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Yu Zhang, Seann Reed, and David Kitzmiller

runoff at each HRAP grid cell for given precipitation, snowmelt, and initial conditions ( Burnash et al. 1973 ; Burnash 1995 ; Koren et al. 2004 ). The third is a kinematic wave module for routing overland and channel flows ( Koren et al. 2004 ). The a priori SAC-SMA parameter values from physiographic information and snow model parameters commonly used in RFC operations were adopted without any calibration. These values have been shown to work well, in a relative sense, in other studies ( Reed et

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Marco Borga, Paolo Boscolo, Francesco Zanon, and Marco Sangati

distributed hydrologic model [Kinematic Local Excess Model (KLEM); Cazorzi and Dalla Fontana 1992 ]. The distributed model is based on availability of raster information of the landscape topography and of the soil and vegetation properties. In the model, the SCS-Curve Number (SCS-CN) procedure ( U.S. Department of Agriculture 1986 ) is applied on a grid-by-grid way for the spatially distributed representation of runoff generating processes, while a simple description of the drainage system response ( Da

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Karen I. Mohr, R. David Baker, Wei-Kuo Tao, and James S. Famiglietti

used GCE–PLACE to simulate landscape-generated and sea-breeze-generated deep convection. A computationally efficient 2D model such as GCE–PLACE is an attractive choice, supported by the results of previous studies that show that the time-mean kinematic and thermodynamic properties of a convective line are well simulated in 2D models ( Nicholls et al. 1988 ; Ferrier et al. 1996 ; Tao et al. 1996 ; Xu and Randall 1996 ; Grabowski et al. 1998 ; Lucas et al. 2000 ). The simulation of horizontal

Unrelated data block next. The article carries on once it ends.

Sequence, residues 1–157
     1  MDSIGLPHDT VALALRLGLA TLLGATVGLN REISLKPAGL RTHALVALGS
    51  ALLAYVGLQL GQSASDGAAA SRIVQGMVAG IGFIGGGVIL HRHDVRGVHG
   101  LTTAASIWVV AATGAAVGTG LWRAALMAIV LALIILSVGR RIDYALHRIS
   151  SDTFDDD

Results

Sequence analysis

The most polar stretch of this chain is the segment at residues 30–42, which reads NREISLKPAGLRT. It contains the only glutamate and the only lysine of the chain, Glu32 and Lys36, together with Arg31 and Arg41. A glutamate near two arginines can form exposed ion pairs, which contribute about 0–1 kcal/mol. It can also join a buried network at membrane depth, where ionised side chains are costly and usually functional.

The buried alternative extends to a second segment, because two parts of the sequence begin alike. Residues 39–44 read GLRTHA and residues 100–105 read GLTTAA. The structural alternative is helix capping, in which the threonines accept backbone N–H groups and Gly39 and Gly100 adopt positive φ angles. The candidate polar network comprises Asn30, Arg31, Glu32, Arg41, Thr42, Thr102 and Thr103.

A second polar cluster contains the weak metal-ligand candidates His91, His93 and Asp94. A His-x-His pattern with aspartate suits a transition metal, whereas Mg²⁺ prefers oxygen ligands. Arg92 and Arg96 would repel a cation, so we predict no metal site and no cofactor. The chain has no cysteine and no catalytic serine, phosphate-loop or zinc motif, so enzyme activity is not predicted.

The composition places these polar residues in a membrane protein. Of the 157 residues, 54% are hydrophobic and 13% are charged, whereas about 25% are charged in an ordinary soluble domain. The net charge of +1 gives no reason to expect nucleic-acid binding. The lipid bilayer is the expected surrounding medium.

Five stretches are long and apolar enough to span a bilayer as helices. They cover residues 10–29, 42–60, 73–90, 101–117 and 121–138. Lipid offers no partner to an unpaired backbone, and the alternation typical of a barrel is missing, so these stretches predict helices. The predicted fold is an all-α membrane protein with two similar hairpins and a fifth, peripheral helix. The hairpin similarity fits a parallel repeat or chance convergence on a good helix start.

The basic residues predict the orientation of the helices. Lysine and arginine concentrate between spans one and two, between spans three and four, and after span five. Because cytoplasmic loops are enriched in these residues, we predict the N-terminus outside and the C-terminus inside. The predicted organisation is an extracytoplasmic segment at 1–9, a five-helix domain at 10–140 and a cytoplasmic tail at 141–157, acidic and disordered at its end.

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Matteo Colli, Luca G. Lanza, Roy Rasmussen, and Julie M. Thériault

constant growth rate equal to 1.2 with the first node generally located at y = 0.5 mm. Table 1. Geometric characteristics and quality factors of the different grids adopted for the RANS simulation and LES. The airflow is solved by modeling the boundary layer regions of the flow (close to the ground and the windshield–snow gauge surfaces) with specific wall functions defined according to the variables solved (the turbulent kinematic viscosity ν T , k , and Ω). This is reasonable since the problem

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Younghyun Cho and Bernard A. Engel

: The Hydrology Laboratory Research Modeling System (HL-RMS)/Hydrology Laboratory Research Distributed Hydrologic Model (HL-RDHM; NWS’s operational model for DMIP1/DMIP2) employ the Sacramento Soil Moisture Accounting (SAC-SMA) lumped water balance model and the kinematic wave for hillslope–channel routing; it is a physically based conceptual model ( Koren et al. 2004 ). The Hydrologic Research Center Distributed Hydrologic Model (HRCDHM) has a method similar to HL-RMS; it is a catchment